Lurid post-it notes jostle pink-yellow-red-blue-green post-it flags at the page edges. I think only the five-star ones merit this number of flags. And — (sigh) — Barnes’s essays on writers and their books has bumped up my TBR count. At least I can re-use the post-it flags for those new ones.
Preface: A Life with Books (5*) — This eleven-page essay was one of my favourites. I love reading about other people’s love affairs with books, about how and what they read as children, what ensared them, about how they grew up in their reading tastes, about their influences and favourite authors.
He starts with, ”I have lived in books, for books, by and with books; in recent years, I have been fortunate enough to be able to live from books. And it was through books that I first realized there were other worlds beyond my own; first imagined what it might be like to be another person; first encountered that deeply intimate bond made when a writer’s voice gets inside a reader’s head.”
His book world began to expand at age 17, when he got to choose his book for a school prize. He chose Ulysses: “I can still see the disapproving face of the Lord Mayor as his protectively gloved hand passed over to me this notoriously filthy novel.”
He describes his phase of being a “furious book-hunter, driving to the market towns and cathedral cities of England in my Morris Traveller and loading it with books bought at a rate which far exceeded any possible reading speed.”
He collected first editions, complete sets, and just random books to justify otherwise fruitless expeditions. "The dividing line between books I liked, books I thought I would like, books I hoped I would like, and books I didn't like now but thought I might at some future date was rarely distinct."
Barnes still buys books faster than he can read them, and his defense is one of my favourite quotes in the book: “But this feels completely normal: how weird it would be to have around you only as many books as you have time to read in the rest of your life.”
Most of the essays were previously published in Guardian, NYRB, LRB, New Yorker,
or as forewords. About half of them are related to french authors or to France.
It was fascinating to read "Translating Madame Bovary", in which he discusses the Lydia Davis translation in the context of her predecessors, especially since I am (still!) reading her translation of Proust’s “The Way by Swann’s”. He is politely disapproving of her work, describing it as a “linguistically careful version, in the modern style, rendered into an unobtrusively American English.” Ouch.
Davis says that past translations “that are written with some flair and some life to them are not at all that close to the original; the ones that are more faithful may be kind of clunky.” Barnes comments that “This is the paradox and bind of translation. If to be ‘faithful’ is to be ‘clunky’, then it is also to be unfaithful because Flaubert was not a ‘clunky’ writer. He moves between registers; he cuts into the lyric with the prosaic; but this is language whose every sentence, word, syllable has been tested aloud again and again.” I so wish I knew French…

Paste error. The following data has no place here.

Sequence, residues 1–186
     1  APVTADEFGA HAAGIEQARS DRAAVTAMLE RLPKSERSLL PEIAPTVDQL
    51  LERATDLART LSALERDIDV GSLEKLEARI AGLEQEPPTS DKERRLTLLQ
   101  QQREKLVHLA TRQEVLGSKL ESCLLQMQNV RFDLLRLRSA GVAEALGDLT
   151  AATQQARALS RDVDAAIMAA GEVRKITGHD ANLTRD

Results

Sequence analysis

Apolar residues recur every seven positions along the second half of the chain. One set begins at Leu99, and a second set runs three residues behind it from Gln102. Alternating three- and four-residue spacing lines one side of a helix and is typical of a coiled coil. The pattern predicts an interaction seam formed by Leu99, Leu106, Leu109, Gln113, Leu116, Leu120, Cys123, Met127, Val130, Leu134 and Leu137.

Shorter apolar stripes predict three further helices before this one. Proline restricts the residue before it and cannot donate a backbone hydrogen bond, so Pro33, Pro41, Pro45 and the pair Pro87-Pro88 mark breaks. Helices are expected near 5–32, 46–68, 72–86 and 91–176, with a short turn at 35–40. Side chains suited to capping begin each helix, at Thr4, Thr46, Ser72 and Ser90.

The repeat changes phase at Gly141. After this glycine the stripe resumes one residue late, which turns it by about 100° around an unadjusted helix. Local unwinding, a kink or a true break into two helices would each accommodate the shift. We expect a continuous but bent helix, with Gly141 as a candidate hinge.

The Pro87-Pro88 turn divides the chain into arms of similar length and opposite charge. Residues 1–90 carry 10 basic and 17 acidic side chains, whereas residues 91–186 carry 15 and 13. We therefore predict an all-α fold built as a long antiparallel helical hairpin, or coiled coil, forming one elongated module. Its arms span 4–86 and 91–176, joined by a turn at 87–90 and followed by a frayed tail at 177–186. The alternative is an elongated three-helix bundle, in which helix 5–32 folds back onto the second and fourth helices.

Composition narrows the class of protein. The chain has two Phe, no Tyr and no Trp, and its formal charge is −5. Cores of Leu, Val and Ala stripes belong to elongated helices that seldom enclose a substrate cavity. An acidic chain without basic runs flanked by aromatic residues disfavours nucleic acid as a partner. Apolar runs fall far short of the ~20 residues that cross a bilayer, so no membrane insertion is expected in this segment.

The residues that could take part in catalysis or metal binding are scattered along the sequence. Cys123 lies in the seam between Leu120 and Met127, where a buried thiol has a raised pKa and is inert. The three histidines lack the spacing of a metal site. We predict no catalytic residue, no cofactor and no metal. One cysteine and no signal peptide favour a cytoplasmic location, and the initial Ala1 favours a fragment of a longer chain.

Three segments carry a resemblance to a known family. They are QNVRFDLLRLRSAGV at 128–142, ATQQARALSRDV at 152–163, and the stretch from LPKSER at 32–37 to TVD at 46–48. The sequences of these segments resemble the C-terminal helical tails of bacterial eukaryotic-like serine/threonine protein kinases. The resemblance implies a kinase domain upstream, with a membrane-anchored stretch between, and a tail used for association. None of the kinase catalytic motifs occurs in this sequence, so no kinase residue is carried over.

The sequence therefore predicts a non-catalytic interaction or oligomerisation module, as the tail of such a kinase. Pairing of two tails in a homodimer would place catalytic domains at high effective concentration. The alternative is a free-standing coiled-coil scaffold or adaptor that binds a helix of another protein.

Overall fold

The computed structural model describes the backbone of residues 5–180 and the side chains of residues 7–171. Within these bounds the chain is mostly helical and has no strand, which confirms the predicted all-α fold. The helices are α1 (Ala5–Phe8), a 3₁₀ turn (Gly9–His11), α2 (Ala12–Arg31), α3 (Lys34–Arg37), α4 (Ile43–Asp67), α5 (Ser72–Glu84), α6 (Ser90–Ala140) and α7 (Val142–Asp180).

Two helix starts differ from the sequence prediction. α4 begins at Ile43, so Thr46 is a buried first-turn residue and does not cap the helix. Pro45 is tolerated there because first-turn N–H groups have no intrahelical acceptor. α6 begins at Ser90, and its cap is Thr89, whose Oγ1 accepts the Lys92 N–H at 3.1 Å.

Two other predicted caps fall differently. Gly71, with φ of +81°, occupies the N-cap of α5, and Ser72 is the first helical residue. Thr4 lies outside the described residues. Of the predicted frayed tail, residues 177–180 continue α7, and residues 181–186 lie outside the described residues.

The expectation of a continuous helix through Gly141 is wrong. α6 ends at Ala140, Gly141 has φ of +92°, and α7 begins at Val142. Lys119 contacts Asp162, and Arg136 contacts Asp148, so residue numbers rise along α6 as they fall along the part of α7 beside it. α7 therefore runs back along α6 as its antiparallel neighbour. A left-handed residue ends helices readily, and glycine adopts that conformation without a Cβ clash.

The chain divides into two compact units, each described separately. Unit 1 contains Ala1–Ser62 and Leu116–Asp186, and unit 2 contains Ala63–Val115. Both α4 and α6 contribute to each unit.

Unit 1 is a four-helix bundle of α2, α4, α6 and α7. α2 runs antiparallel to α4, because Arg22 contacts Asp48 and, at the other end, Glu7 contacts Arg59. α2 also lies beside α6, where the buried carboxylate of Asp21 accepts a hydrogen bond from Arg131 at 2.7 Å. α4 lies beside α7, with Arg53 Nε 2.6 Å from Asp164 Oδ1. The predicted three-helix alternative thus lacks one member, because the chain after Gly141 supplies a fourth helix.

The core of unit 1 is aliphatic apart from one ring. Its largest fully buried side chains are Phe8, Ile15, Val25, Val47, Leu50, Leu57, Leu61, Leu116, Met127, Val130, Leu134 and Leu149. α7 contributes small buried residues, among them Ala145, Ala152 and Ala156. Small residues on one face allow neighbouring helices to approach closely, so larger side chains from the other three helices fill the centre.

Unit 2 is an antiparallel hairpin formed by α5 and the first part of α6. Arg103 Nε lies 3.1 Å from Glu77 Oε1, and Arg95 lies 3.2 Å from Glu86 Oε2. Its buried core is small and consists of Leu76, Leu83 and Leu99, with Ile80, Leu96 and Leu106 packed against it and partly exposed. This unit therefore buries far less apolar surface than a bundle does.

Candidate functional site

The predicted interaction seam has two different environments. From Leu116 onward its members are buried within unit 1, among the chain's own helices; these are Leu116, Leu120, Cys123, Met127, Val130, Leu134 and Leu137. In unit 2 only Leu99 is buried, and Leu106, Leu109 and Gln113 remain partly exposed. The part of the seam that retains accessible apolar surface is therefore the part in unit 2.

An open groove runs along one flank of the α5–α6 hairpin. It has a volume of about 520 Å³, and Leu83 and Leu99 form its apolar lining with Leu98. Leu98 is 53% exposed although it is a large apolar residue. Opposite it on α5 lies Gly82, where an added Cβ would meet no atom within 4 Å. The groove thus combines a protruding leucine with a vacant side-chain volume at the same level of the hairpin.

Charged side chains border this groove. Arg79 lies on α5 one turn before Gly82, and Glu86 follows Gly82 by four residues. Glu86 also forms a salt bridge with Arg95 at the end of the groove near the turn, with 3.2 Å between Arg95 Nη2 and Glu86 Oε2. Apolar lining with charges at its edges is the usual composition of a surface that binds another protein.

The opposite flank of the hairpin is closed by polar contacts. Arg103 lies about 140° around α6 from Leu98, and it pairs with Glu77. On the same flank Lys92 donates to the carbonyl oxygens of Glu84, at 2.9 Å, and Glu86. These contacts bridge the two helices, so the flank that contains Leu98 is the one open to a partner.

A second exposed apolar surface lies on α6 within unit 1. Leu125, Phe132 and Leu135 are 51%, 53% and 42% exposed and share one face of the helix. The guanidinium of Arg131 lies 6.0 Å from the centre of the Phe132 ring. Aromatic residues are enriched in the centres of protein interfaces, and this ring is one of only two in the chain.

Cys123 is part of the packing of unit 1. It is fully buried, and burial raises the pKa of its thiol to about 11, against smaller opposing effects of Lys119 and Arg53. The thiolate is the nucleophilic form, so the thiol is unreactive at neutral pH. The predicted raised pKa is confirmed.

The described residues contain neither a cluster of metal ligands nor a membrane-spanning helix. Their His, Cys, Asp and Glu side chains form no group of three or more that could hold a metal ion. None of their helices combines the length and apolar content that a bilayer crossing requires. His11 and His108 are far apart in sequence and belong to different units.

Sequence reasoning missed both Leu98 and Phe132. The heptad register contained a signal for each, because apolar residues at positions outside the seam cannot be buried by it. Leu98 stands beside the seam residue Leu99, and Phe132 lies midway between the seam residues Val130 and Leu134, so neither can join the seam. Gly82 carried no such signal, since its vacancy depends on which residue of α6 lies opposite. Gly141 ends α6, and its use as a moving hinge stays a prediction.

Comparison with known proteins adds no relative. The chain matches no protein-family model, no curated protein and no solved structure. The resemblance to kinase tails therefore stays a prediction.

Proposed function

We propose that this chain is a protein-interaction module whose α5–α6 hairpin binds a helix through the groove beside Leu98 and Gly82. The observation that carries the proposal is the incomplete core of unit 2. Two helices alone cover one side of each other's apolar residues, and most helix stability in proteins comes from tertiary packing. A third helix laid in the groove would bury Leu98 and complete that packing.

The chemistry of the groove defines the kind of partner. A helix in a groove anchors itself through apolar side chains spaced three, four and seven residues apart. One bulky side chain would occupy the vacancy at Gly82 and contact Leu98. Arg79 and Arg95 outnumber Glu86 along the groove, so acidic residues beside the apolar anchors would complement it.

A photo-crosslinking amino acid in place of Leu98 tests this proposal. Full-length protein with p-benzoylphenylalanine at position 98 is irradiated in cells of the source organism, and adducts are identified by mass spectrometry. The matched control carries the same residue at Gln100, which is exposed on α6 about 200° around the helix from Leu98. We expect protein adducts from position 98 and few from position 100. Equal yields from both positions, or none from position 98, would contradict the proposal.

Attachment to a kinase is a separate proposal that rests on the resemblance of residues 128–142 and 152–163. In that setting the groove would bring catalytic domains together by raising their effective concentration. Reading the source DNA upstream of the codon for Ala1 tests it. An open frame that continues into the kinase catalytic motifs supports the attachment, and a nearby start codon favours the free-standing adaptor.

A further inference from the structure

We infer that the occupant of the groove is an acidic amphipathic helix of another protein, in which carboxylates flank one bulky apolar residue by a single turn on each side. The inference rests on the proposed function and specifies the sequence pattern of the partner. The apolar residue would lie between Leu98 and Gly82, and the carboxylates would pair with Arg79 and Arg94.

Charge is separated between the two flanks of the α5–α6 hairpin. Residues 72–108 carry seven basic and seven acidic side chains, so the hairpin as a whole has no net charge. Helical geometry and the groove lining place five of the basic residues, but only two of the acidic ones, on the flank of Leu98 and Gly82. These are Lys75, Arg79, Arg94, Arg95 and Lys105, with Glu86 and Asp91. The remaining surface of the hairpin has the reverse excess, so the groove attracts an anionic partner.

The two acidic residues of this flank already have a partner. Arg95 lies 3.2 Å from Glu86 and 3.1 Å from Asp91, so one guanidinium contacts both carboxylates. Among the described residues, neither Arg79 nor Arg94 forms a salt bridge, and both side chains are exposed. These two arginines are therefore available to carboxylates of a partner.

He admires Penelope Fitzgerald’s work. They are examples of the subtler wiser type of novel, in which the “structure and purpose may not be immediately apparent…Nor do such novels move mechanically; they stray, they pause, they lollop, as life does, except with a greater purpose and hidden structure.”
“George Orwell and the Fucking Elephant” is about class, ideologies, Being a Great Writer, and moral ambiguities. He reports, via Orwell’s biographer Bernard Crick, on a restaurant meeting between Crick and Orwell’s widow Sonia. “Crick dared to doubt the utter truthfulness of one of Orwell’s most celebrated pieces of reportage, ‘Shooting an Elephant’. Sonia ‘screamed’ at him across the table, ‘Of course he shot a fucking elephant. He said he did. Why do you always doubt his fucking word!’
Crick had discovered that in fact no one had been killed by the elephant, although Orwell did kill the elephant, angering the owners and resulting in a form of disgraceful internal exile.
He writes a graceful literary eulogy of John Updike, and is particularly fond of the Rabbit books, calling Rabbit at Rest “the greatest post-war American novel.” This makes me want to re-read them again, twenty years later.
Three of the essays were about Ford Maddox Ford. In “Ford’s the Good Soldier” he gives a master class in literary criticism. He discusses the opening sentence…’This is the saddest story I have ever heard.“, and at the end of the paragraph provides this most memorable description: “And if the second verb of the first sentence of the book is unreliable — if it gives a creak under the foot as we put our weight on it— then we must be prepared to treat every line as warily; we must prowl soft-footed through the text, alive for every board’s moan and plaint.”
Love it. Wonderful.
The last belongs to Mr. Barnes:“Nothing can replace the exact, complicated, subtle communion between absent author and entranced, present reader.”